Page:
I stumbled upon a stunning story from Daniel Amokachi, who is now coaching in Finland. He tells a remarkable tale of his two goals in the FA Cup semi-final in 1995; I've never heard about this.

The article was translated by me from Finnish.

An ex-professional footballer who is coming to Finland to coach made a stunning decision in his career – "It was an embarrassing and strange situation."

Daniel Amokachi isn't afraid to make controversial decisions. One of them delighted and infuriated back in England.

The playing career of Daniel Amokachi, who is joining Finnish Second Division side, JS Hercules, is like a summary of the old Finnish saying "He who fears should not play". The Nigerian attacker's career saw a few stunning episodes, but one is remembered above all others, and that happened in what was arguably the biggest game of his career.

It was the spring of 1995, and Amokachi's side, Everton, were playing in the FA Cup semi-finals against Tottenham Hotspur. The Spurs side, led by Jürgen Klinsmann, were the media darlings of the time, thanks to some flamboyant football that season.

In the second half, the Blues were winning 2-1, but after Klinsmanns penalty goal, the mood in the Everton camp was getting darker by the minute.

"Tottenham were coming at us like crazy. Klinsmann played a great game. Then our attacker Paul Rideout was hurt. I was on the substitutes bench and I was waving to the manager, that I'm ready to go out on the pitch," Amokachi told us on Wednesday in Helsinki.

Brave decision

The Everton manager, Joe Royle, wasn't interested in making any substitutions. He wanted Rideout to stay on the pitch. The British striker was visibly struggling, but Royle wasn't making any changes, even though, according to Amokachi, the team doctor was saying that the striker should be substituted.

"Even though Rideout was struggling, nothing happened. I was warming up. In the 90s, there weren't as many people telling the refs about substitutions and mixing in between. I walked up to the assistant ref, and told him I'm going on. Rideout came off."

The substitution happened so quickly, that no-one on the Everton bench noticed what Amokachi was up to until it was too late. Royle was fuming.

"I went on, and everybody on our side were in shock. I was, however, already on the pitch and it was our last substitution, so they couldn't take me off, unless they wanted to finish the game shorthanded."

Amokachi knew that, if the game ended with Tottenham equalising and thus forcing a replay, he'd be in big trouble. Football history doesn't hold many examples of players who have managed to get themselves substituted onto the pitch without permission – and even fever where they have actually made it through the discussions with the manager after the game still holding a contract.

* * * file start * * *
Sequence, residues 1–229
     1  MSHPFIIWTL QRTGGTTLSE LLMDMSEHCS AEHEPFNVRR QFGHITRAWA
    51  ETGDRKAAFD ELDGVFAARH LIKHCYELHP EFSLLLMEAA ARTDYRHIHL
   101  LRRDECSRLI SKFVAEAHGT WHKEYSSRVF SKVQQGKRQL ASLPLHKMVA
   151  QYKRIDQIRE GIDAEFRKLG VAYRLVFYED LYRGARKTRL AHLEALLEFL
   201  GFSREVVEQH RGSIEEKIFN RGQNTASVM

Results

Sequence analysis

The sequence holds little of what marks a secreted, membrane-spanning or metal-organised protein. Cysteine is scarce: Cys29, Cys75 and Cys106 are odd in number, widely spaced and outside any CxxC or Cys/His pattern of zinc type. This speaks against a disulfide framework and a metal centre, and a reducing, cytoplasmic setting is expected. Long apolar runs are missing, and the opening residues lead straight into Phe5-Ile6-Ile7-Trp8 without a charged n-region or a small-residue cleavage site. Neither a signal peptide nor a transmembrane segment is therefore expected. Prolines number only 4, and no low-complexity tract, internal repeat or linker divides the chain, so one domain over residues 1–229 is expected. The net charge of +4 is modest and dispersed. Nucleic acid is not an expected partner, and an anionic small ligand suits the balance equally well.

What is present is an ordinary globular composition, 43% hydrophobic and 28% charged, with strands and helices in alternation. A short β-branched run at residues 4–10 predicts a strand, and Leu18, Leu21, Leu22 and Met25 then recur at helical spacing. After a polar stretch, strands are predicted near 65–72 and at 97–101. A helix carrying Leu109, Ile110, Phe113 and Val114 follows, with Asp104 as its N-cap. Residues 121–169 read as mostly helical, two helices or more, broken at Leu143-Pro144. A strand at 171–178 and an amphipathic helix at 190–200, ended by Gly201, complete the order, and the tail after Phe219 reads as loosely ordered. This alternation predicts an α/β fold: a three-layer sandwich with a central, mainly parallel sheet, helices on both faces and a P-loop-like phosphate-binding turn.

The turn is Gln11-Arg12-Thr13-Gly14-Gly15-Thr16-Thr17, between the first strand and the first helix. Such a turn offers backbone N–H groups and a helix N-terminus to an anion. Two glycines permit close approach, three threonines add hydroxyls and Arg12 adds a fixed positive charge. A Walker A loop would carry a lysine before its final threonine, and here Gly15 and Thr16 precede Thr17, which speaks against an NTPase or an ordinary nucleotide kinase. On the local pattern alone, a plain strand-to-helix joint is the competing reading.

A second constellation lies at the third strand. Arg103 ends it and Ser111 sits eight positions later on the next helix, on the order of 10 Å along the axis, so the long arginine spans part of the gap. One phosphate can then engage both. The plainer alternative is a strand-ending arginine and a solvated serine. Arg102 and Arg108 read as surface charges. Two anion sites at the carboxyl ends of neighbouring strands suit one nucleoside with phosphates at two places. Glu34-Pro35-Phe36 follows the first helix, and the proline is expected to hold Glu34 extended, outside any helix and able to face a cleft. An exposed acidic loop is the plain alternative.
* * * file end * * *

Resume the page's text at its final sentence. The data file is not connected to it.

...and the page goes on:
"It was an embarrassing and strange situation, but it was worth it. I was in good shape, and everybody knew that."

Good decision

Soon, things started happening. Amokachi and Everton managed to turn the tide, with the Nigerian striking twice in the last 10 minutes. Everton won 4-1 and were moving on to the FA Cup Final.

"I didn't really have a choice. If I would have failed, it would certainly have been my last game for Everton!"

Everton went on to defeat Alex Ferguson's Manchester United in the final, just as they were starting their unstoppable run at the top of English football. Rideout, who injured himself in the semi-final, was the hero with his strike in the 30th minute. Amokachi also got a sniff at the atmosphere in the final.

"People still remember me in Liverpool, and that final was huge in Africa as well. There was maybe two or three TVs in my home village. Everybody was gathered around them. I knew that, because I was always sitting in front of the same TVs in my youth, watching the FA Cup Final and dreaming about playing in it."

Now you are in the position of the manager. How would you react, if one of your players would substitute himself onto the pitch without your blessing?

"If he does that, and makes it on to the pitch, go for it! I would hope he does good things on the pitch. But of course, after the game we would discuss it. Then we are talking about the professionalism of players. My door is always open for my players."

The cup is still the last big win for Everton.

Amokachi went on to play the 1995-96 season at Everton; after that, he went to Fenerbahce in Turkey. After three good seasons, his career deteriorated fast because of knee problems that ended his career at the age of 28.

Translated from the Finnish newspaper, Ilta Sanomat

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